Today marks the 50th anniversary of “The March on Washington”, and in celebration of that fact there is another memorial march being held in the same place. Martin Luther King Jr. delivered his famous I have a dream speech in Washington, D.C. among the steps of the Lincoln Memorial. In front of a crowd of over 250,000 civil rights supporters, King spoke of change, rights and equality, and the end of racism. The words that flowed through from King’s heart would later fall upon millions of text books and into the minds for generations to come, remembering what King stood and died fighting for.
Sadly today we know that people of Color still face the manacles of segregation and the chains of discrimination. Decades later much of what King spoke of seeing in his speech has happened, but what makes such a historic event like this still relevant is that fact that the fight still isn’t over. Racism may not be as blunt and in the open as it was 50 years ago, but when an unarmed black teenage boy can be shot killed at the hands of a civilian and his killer is let go, justified by self-defense, then we still have a problem. When a black football player gets sentenced to jail for dog fighting, but a white women roams free after being responsible for the death of her own child, then we still have a problem.
Without King it would of took us a lot longer to get to where we are today as a people. Without his strong will to resist violence and his drive to exercise the first amendment who knows what life for us would be like today and we thank him. We appreciate him. However, we have to continue to fight for him. The battle maybe over, but the war is still going on. We still have a way to go before we can truly say all people are treated equally. King did not only want to help us, but he wanted to inspire others and we can’t sit back and reminisce on the past as if the job is done. We have to look back and remember what it took to see progress and finish what King started. If we truly want to see the change we speak of so frequently, then we have to get up and do something.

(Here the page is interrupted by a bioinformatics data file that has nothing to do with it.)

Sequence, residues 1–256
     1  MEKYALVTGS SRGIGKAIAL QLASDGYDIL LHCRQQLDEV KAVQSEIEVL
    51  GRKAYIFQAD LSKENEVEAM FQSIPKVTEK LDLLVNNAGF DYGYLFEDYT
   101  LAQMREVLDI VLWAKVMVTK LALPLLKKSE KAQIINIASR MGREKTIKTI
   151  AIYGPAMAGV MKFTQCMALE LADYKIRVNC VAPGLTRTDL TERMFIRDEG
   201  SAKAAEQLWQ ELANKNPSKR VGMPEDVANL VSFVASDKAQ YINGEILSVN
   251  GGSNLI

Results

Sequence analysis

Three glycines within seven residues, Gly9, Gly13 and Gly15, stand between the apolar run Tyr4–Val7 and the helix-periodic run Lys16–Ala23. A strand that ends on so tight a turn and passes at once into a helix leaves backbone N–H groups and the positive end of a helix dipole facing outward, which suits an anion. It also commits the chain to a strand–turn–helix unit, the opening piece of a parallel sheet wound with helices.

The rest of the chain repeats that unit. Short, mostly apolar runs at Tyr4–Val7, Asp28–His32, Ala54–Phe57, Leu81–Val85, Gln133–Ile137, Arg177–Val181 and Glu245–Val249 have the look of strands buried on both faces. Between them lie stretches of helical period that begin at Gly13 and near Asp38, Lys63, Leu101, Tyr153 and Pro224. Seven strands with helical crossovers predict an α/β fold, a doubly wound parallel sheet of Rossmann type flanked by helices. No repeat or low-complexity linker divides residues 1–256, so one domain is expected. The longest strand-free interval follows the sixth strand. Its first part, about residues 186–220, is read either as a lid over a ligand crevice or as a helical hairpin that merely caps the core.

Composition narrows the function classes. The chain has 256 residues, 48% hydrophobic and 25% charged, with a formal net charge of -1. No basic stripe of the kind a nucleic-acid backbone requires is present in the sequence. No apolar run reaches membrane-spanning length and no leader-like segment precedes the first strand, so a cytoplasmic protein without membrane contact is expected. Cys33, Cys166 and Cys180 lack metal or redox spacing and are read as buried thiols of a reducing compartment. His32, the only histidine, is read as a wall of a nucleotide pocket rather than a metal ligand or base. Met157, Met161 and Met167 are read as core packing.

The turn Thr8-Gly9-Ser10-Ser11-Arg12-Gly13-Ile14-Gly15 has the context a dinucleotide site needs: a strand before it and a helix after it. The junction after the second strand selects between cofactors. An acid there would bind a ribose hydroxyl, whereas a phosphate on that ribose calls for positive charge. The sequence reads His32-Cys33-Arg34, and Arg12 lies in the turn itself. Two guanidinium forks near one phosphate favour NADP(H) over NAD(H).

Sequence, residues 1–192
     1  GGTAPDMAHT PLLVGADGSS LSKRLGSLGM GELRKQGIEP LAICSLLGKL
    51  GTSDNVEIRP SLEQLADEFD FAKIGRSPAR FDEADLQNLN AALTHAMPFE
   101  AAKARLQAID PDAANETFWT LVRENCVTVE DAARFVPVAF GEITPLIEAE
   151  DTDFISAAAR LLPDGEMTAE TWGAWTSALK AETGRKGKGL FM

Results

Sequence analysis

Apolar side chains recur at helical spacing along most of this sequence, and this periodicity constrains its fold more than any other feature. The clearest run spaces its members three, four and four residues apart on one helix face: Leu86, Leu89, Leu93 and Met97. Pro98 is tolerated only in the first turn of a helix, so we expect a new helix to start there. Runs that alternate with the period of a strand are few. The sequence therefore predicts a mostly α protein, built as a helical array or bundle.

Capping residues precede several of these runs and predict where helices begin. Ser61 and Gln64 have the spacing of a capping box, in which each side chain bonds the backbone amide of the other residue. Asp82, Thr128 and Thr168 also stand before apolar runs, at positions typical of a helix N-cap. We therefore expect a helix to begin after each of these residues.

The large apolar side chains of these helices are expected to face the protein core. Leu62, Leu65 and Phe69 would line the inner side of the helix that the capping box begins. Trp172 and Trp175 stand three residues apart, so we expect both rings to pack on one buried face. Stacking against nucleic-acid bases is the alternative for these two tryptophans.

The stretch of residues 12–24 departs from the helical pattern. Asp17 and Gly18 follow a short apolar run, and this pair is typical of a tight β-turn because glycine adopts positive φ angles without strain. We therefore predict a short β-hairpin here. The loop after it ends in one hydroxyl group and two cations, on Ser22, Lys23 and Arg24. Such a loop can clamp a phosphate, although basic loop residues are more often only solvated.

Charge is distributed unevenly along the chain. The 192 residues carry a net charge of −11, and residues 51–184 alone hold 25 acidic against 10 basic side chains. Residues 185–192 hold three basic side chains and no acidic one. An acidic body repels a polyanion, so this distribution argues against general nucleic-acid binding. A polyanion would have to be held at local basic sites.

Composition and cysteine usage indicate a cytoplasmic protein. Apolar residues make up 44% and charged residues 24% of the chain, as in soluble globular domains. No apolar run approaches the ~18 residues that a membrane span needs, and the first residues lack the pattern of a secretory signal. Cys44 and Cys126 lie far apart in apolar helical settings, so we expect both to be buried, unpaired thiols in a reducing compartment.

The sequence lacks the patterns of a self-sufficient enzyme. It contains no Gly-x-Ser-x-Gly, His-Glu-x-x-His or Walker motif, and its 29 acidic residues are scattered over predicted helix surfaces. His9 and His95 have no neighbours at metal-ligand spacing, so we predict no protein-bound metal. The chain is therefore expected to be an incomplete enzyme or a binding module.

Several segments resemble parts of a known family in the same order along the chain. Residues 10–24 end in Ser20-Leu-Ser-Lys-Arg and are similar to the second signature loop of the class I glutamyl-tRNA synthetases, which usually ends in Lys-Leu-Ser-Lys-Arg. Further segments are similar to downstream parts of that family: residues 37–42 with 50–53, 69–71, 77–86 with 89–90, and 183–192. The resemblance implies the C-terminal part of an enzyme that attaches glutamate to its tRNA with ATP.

Today at school, the teachers all piled into the HHS Auditorium to listen to four wonderful panelists speak about how we can “Mind the Gap” with cultural differences and how we can break our stereotypes and how we think. They told us about taking a personal journey and never give up. You must except, reflect and know that your work in never done. There will always be someone that thinks different then you, but maybe through discourse we can change the world.
“Race” this word was created by white European males in the 18th century. Before that we were all just humans – people. The Human Genome project ended in 2001 because they said “we can’t find any gene for race.” So why are we still caught up on the semantics and stereotypes of “race”?
Although it has been 50 years, we cannot lose sight of the ultimate goals, which we must continue striving to achieve! Use your voice, get active and take a stand. No effort is too small and no obstacle is too large! I challenge you all to use this year as a jumping board for social justice and awareness on all fronts, whether it be race, gender, social or anything else. Desmond Tutu said, “If you are not on the side of the oppressed then you are the oppressor.” If we do nothing, we are helping the oppressors to succeed. Act Out!
In closing, I leave you with the words of Dr. King, which I believe are as true today as they were fifty years ago:
“When we allow freedom to ring – when we let it ring from every city and every hamlet, from every state and every city, we will be able to speed up that day when all of God’s children, black men and white men, Jews and Gentiles, Protestants and Catholics, will be able to join hands and sing in the words of the old Negro spiritual, ‘Free at last, Free at last, Great God a-mighty, We are free at last.’ “